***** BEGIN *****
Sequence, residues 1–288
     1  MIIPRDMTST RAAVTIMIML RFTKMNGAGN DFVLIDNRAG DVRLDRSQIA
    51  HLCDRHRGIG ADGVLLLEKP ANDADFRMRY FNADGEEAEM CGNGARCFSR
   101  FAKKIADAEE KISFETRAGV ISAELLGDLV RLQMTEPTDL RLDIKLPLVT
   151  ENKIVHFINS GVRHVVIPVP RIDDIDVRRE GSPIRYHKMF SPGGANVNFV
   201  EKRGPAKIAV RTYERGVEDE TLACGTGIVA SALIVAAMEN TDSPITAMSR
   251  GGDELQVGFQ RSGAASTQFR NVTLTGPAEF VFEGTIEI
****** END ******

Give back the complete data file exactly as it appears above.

Sequence, residues 1–288
     1  MIIPRDMTST RAAVTIMIML RFTKMNGAGN DFVLIDNRAG DVRLDRSQIA
    51  HLCDRHRGIG ADGVLLLEKP ANDADFRMRY FNADGEEAEM CGNGARCFSR
   101  FAKKIADAEE KISFETRAGV ISAELLGDLV RLQMTEPTDL RLDIKLPLVT
   151  ENKIVHFINS GVRHVVIPVP RIDDIDVRRE GSPIRYHKMF SPGGANVNFV
   201  EKRGPAKIAV RTYERGVEDE TLACGTGIVA SALIVAAMEN TDSPITAMSR
   251  GGDELQVGFQ RSGAASTQFR NVTLTGPAEF VFEGTIEI